I’m ready to invest, how can I start?
If you’ve only got a minute:
- Investing is one of the main ways to help you preserve the spending power of your savings.
- Know your investment capital, financial objectives, risk appetite and the type of investment products available to you before you start investing.
- You can fund your investment using cash savings, CPF or SRS, via a lump-sum contribution or smaller regular contributions.
- Some common investment products include equities, ETFs, unit trusts, Reits, bonds as well as gold.
- Tap Plan & Invest on digibank for customised investment picks based on your objectives, risk profile, and preference.
Regardless of whether you are a first jobber, an experienced professional, a parent with school-going children or about to retire after a long career, investing is an effective way to put your savings to work so that you can build or preserve your wealth.
Among the chief benefits of investing is that over time, it can help to combat the effects of inflation. By investing smartly, your savings are able to outpace inflation or at the very least, minimise its effects.
In June 2022, Singapore’s headline consumer price index (CPI) and core inflation rate in has reached levels not seen since the Global Financial Crisis.
Moreover, in DBS’s research report Are you losing the race against inflation?, income was found not to be keeping up with inflation for 40% of 1.2 million DBS retail customers, and that increase in expenditure has outpaced income growth by 2 times.
This is why in times like these, it is vital to look for ways to beat inflation before it erodes the value of your hard-earned money. With a long-term view on investing, you can not only cope with inflationary pressures but benefit from the power of compounding.
While investing has its merits, people often face a lot of inertia, which prevents them from getting started. After all, with so many investment choices in the market, it’s not unusual for new investors to feel overwhelmed by information.
So, here’s a simple introduction to some common investment products and funding options to help you get started on investing and making the right decisions.
Ways to invest
Depending on your financial objectives and situation, you can choose to fund your investments by one or a combination of cash, Central Provident Fund (CPF) monies or Supplementary Retirement Scheme (SRS) savings. This can be done via a lump-sum contribution, regular contributions of smaller amounts or a combination of both.
If you have been saving up for awhile and have sizeable funds to make investments, you can consider making a series of one-time purchases in a selection of stocks. Lump-sum investing can also be done with a one-time contribution with ad-hoc funds (e.g. when you receive your bonus).
Regular Savings Plan (RSP)
A RSP allows you to invest a fixed sum of money regularly into the same choice of investment over a period. This is usually done monthly and makes use of the dollar-cost averaging (DCA) strategy where your money buys more units when prices are low and fewer when prices are high, thus cushioning the impact of volatility in stock markets. DBS Invest-Saver lets you invest regularly into exchange traded funds or unit trusts from as little as $100 a month.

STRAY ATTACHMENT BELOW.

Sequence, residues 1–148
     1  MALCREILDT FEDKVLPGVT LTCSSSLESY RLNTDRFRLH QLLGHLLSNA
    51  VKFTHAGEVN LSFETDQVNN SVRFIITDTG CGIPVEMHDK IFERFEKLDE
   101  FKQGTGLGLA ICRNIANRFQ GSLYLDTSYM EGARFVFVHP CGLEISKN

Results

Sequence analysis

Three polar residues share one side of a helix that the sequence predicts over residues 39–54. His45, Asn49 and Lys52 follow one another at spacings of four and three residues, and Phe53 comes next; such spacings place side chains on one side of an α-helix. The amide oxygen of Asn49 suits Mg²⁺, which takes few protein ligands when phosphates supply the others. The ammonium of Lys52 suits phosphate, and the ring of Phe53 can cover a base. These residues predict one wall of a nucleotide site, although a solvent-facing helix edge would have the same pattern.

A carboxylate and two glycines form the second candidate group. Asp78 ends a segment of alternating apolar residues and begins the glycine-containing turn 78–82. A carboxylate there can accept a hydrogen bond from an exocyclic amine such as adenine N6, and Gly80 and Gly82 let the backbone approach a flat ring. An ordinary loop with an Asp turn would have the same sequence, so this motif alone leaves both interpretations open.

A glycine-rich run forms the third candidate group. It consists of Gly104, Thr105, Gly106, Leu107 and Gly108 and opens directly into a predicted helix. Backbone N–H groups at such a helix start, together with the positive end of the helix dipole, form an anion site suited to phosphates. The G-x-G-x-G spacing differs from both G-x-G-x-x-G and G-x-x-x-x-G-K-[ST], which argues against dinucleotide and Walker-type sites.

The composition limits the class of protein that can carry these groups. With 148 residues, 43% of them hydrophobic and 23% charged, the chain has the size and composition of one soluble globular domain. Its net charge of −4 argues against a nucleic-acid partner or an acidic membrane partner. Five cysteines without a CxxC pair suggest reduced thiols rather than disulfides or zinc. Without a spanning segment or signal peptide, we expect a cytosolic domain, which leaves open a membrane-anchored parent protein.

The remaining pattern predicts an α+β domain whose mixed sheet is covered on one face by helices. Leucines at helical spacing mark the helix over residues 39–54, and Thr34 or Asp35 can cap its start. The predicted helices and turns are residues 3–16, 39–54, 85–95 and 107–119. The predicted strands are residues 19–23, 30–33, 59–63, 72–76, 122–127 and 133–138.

Types of investments
1. Direct investment into equities
When you buy shares of a company, you are in essence, a part owner of it. As a shareholder, you are entitled to dividends and capital gains if any, but also subject to losses in capital should a company’s share price dip. In this scenario, your losses would be limited to the amount of money you invested into the shares of the company.
Depending on your goals and risk appetite, you can choose to invest in growth stocks or blue-chip stocks.
Growth stocks tend to have higher potential returns with typically higher risks. Meanwhile, blue-chip stocks – shares in established companies with robust growth – may have lower returns but often pay dividends and have a more stable outlook.
Having a DBS Vickers Online Trading Account or a DBS Vickers Young Investor Account allows you to trade in 7 key markets. This account will be linked to the DBS Multi-Currency Account for ease of settlement and dividend crediting.
2. Exchange-traded funds (ETFs) & unit trusts
An ETF is passively managed and aims to mirror the performance of a specific market index or diversified basket of securities, while a unit trust is actively managed by professional fund managers who will perform detailed research before deploying funds into specific investments in line with their investment mandate. Given the active management required, it generally costs more to invest in unit trusts than ETFs for the same market of assets.
ETFs, unit trusts and/or managed portfolios offered by robo-advisors are considered as diversified investment products, which means you invest in a pool of securities often from a range of business sectors. This makes them good options especially if you don’t have the time to closely monitor market fluctuations.
3. Real Estate Investment Trusts (Reits)
Many Singaporeans are well acquainted with the concept of investing into the property market – buy a suitable property, collect rental for the unit and capitalise on price increases by selling it off at the right time. One common barrier to this investment option is the high prices of properties.